Assessing the role of anthropogenic and biogenic sources on PM1over southern West Africa using aircraft measurements

Abstract : As part of the Dynamics-Aerosol-Chemistry-Cloud Interactions in West Africa (DACCIWA) project, an airborne campaign was designed to measure a large range of atmospheric constituents, focusing on the effect of anthropogenic emissions on regional climate. The presented study details results of the French ATR42 research aircraft, which aimed to characterize gas-phase, aerosol and cloud properties in the region during the field campaign carried out in June/July 2016 in combination with the German Falcon 20 and the British Twin Otter aircraft. The aircraft flight paths covered large areas of Benin, Togo, Ghana and Ivory Coast, focusing on emissions from large urban conurbations such as Abidjan, Accra and Lomé, as well as remote continental areas and the Gulf of Guinea. This manuscript focuses on aerosol particle measurements within the boundary layer (< 2000 m), in particular their sources and chemical composition in view of the complex mix of both biogenic and anthropogenic emissions, based on measurements from a compact time-of-flight aerosol mass spectrometer (C-ToF-AMS) and ancillary instrumentation. Background concentrations (i.e. outside urban plumes) observed from the ATR42 indicate a fairly polluted region during the time of the campaign, with average concentrations of carbon monoxide of 131 ppb, ozone of 32 ppb, and aerosol particle number concentration (> 15 nm) of 735 cm−3 stp. Regarding submicron aerosol composition (considering non-refractory species and Black Carbon, BC), organic aerosol (OA) is the most abundant species contributing 53 %, followed by SO4 (27 %), NH4 (11 %), BC (6 %), NO3 (2 %) and minor contribution of Cl (< 0.5 %). Average background PM1 in the region was 5.9 µg m−3 stp. During measurements of urban pollution plumes, mainly focusing on the outflow of Abidjan, Accra and Lomé, pollutants are significantly enhanced (e.g. average concentration of CO of 176 ppb, and aerosol particle number concentration of 6500 cm−3 stp), as well as PM1 concentration (11.9 µg m−3 stp). Two classes of organic aerosols were estimated based from C-ToF-AMS: particulate organic nitrates (pON) and isoprene epoxydiols secondary organic aerosols (IEPOX-SOA). Both classes are usually associated with the formation of particulate matter through complex interactions of anthropogenic and biogenic sources. During DACCIWA, pON have a fairly small contribution to OA (around 5 %) and are more associated with long-range transport from central Africa than local formation. Conversely, IEPOX-SOA provides a significant contribution to OA (around 24 % and 28 % under background and in-plume conditions). Furthermore, the fractional contribution of IEPOX-SOA is largely unaffected by changes in the aerosol composition (particularly the SO4 concentration), which suggests that IEPOX-SOA concentration is mainly driven by pre-existing aerosol surface, instead of aerosol chemical properties. At times of large in-plume SO4 enhancements (above 5 µg m−3), the fractional contribution of IEPOX-SOA to OA increases above 50 %, suggesting only then a change in IEPOX-SOA controlling mechanism. It is important to note that IEPOX-SOA constitutes a lower limit to the contribution of biogenic OA, given that other processes (e.g. non-IEPOX isoprene, monoterpene SOA) are likely in the region. Given the significant contribution to aerosol concentration, it is crucial that such complex biogenic-anthropogenic interactions are taken into account in both present day and future scenario models of this fast-changing, highly sensitive region.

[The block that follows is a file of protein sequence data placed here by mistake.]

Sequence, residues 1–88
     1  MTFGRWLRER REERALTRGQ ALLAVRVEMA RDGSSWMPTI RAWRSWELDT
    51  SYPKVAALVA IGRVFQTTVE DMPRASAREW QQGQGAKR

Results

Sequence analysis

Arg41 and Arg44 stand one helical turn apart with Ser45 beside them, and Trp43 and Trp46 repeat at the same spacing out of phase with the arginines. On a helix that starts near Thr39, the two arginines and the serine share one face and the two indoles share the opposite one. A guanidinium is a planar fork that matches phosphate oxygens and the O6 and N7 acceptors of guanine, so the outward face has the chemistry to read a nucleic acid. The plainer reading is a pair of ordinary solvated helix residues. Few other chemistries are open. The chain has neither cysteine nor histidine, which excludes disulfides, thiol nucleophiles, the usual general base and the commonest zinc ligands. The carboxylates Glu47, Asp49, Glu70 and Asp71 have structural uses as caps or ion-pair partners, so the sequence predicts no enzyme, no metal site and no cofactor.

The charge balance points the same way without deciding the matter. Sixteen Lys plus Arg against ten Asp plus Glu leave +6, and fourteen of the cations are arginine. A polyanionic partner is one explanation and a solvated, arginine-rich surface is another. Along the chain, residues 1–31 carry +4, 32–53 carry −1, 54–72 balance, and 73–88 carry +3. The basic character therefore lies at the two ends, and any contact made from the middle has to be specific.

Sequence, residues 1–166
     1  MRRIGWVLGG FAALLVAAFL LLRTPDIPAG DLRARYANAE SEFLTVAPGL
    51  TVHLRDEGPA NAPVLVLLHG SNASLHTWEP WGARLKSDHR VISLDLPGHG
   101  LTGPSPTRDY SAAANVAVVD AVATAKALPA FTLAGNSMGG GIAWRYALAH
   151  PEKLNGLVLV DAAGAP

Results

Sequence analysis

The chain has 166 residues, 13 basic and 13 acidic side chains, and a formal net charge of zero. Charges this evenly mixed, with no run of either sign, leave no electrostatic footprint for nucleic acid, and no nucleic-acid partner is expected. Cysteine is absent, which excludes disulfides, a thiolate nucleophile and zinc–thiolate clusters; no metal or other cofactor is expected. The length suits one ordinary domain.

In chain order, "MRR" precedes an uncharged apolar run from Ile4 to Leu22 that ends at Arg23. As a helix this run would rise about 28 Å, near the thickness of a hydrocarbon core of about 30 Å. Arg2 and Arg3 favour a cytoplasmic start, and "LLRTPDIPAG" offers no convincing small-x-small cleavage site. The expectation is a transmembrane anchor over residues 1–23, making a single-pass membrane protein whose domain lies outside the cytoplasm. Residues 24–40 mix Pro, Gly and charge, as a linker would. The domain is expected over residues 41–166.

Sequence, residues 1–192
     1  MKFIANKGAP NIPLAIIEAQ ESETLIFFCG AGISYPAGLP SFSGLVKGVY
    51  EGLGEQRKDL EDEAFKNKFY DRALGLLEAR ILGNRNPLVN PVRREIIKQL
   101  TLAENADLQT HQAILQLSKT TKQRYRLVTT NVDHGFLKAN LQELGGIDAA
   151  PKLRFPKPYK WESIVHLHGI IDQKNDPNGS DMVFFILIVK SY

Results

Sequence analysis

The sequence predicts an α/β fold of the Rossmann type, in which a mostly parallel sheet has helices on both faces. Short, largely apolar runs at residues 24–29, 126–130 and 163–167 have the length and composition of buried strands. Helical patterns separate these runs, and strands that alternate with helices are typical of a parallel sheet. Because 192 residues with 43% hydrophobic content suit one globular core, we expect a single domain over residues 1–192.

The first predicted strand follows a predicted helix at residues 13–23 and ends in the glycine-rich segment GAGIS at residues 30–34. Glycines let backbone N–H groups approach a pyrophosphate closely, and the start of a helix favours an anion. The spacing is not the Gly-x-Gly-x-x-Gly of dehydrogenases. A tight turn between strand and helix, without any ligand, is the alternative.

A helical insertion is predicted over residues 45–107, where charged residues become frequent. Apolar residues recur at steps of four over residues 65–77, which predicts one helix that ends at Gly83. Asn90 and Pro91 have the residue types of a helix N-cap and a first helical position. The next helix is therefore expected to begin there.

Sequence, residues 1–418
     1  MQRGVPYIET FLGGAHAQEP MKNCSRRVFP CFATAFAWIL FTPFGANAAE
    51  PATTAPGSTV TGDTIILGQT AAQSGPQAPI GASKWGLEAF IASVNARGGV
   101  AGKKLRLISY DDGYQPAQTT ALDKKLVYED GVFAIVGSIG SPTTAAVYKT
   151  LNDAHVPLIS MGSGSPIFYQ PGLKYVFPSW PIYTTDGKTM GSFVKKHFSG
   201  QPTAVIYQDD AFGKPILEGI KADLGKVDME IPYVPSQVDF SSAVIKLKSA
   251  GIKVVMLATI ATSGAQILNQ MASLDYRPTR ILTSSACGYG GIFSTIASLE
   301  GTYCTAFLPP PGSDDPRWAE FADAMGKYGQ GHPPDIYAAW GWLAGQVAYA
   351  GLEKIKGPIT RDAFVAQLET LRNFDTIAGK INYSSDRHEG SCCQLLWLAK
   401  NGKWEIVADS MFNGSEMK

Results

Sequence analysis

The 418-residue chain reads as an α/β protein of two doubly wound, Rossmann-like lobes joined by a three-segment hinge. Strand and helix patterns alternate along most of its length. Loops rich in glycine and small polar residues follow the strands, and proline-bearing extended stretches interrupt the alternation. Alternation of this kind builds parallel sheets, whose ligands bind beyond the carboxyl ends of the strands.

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Atmospheric Chemistry and Physics, European Geosciences Union, 2018, 18 (2), pp.757-772. 〈10.5194/acp-18-757-2018〉
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Soumis le : lundi 22 janvier 2018 - 18:09:55
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Joel Brito, Evelyn Freney, Pamela Dominutti, Agnes Borbon, Sophie L. Haslett, et al.. Assessing the role of anthropogenic and biogenic sources on PM1over southern West Africa using aircraft measurements. Atmospheric Chemistry and Physics, European Geosciences Union, 2018, 18 (2), pp.757-772. 〈10.5194/acp-18-757-2018〉. 〈insu-01575042〉



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